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Denton: Science on Venus?

David Klinghoffer


What a difference having just the right atmosphere makes. NASA has announced a scheme to fly manned airships in the upper atmosphere of Venus, thus evading the “hellish” conditions (that adjective is often applied to the planet) below. 

On a new episode of ID the Future, Sarah Chaffee talks with biologist Michael Denton about his new book, Children of Light. She asks him about his observation, echoing Carl Sagan, that if there ever could have been life on the surface of Venus, those life forms would be severely impeded in whatever pursuit of science they may have attempted. Why? Because the thick atmosphere impedes the rays of the sun, and all other light, which would mean being forever forbidden from gazing to the stars and trying learn about their place in the cosmos.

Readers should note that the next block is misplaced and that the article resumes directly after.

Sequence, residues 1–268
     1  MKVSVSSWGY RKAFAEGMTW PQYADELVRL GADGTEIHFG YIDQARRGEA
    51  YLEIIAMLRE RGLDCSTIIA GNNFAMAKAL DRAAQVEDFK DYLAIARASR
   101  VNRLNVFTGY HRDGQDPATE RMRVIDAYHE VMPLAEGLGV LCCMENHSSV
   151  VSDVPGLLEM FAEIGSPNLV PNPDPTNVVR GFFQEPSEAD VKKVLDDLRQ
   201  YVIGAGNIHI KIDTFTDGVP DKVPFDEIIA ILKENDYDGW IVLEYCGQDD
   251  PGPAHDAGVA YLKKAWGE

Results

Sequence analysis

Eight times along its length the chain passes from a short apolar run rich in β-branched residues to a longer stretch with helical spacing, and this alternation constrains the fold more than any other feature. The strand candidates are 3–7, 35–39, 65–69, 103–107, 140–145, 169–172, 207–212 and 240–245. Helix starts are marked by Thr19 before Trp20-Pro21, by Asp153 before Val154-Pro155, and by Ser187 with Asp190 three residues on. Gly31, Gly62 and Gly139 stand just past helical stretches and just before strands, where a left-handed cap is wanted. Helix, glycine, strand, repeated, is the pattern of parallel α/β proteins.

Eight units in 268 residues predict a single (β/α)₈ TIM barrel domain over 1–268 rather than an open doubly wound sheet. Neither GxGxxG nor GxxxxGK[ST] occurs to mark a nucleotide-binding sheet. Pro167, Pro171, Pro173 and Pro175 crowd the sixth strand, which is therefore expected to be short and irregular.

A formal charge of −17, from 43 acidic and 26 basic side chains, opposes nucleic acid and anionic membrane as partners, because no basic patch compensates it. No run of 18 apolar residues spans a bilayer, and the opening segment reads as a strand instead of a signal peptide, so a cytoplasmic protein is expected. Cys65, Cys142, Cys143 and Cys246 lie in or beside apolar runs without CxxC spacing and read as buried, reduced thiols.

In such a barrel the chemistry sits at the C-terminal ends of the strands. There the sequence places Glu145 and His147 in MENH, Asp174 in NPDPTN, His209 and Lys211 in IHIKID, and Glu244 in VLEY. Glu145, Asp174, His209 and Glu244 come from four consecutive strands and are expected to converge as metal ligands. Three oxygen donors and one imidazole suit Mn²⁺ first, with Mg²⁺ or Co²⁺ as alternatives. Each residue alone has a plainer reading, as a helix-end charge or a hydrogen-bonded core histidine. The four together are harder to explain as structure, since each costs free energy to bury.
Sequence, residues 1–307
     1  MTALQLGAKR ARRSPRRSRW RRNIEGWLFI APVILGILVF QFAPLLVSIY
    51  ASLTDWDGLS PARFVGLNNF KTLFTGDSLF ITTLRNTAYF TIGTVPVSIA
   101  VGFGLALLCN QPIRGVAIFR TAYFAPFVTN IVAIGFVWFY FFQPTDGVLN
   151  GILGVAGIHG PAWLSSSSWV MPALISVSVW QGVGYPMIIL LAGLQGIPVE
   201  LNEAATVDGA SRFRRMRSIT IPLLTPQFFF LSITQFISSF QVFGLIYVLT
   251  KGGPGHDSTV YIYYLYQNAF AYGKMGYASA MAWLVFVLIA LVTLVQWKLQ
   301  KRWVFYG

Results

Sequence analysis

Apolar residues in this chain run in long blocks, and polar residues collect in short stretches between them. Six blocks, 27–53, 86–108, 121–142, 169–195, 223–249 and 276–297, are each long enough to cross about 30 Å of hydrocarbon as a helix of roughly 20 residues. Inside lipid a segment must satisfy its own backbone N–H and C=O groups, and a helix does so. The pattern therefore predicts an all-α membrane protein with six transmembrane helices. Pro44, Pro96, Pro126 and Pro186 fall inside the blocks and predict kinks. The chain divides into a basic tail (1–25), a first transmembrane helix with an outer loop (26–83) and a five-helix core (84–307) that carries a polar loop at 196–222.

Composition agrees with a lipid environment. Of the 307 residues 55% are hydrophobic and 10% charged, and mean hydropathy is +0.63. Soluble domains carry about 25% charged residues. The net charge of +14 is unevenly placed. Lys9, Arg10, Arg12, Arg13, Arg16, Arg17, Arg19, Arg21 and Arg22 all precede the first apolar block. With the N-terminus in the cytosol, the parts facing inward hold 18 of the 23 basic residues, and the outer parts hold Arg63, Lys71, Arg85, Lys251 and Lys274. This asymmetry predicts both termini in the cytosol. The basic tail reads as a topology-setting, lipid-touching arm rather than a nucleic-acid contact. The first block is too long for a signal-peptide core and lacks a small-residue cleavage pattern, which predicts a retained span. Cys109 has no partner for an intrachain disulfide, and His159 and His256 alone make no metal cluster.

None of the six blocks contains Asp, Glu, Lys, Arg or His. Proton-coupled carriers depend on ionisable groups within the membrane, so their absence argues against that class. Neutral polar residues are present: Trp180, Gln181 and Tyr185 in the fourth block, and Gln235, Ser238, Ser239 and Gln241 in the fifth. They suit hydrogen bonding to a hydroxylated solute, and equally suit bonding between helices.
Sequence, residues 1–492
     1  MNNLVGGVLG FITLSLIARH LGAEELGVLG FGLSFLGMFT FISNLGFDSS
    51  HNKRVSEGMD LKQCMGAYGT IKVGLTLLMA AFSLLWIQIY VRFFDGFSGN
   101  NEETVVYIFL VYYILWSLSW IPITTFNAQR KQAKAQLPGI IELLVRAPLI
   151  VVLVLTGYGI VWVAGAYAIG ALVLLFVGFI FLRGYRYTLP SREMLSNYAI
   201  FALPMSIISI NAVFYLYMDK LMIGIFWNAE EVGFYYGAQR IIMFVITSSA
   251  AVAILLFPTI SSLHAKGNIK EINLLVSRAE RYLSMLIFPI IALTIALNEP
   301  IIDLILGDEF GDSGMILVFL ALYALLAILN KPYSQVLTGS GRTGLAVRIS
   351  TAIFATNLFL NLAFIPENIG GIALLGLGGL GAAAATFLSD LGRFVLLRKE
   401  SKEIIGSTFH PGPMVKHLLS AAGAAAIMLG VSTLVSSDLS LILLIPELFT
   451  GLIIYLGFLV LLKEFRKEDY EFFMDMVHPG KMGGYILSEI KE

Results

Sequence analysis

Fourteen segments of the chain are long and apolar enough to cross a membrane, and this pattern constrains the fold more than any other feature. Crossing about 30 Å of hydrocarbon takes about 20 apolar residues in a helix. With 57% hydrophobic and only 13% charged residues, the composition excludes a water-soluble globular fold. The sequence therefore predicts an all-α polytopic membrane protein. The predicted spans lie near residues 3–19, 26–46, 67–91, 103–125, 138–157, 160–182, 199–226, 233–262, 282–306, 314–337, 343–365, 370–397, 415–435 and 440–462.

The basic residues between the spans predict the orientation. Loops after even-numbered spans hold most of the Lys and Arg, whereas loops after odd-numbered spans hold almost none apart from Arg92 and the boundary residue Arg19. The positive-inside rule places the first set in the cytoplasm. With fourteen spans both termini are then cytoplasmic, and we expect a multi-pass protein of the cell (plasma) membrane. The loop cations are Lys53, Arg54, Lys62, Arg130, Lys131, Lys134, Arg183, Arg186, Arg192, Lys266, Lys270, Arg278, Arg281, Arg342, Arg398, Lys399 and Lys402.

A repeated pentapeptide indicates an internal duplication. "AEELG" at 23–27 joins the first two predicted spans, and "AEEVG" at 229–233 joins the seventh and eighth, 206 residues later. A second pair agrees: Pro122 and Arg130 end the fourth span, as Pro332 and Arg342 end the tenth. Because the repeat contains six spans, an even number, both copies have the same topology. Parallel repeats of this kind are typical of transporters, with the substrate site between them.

Download the podcast or listen to it here. They go on to discuss the wondrous confluence of properties and processes — light, the nature of Earth’s atmosphere, photosynthesis — that make it possible for “light-eaters” like us to live on Earth where we could not on Venus. Yes, Denton concedes, he regards that confluence as the result of “divine” intent.

Photo credit: Airships over Venus, as imagined by NASA/Systems Analysis and Concepts Directorate.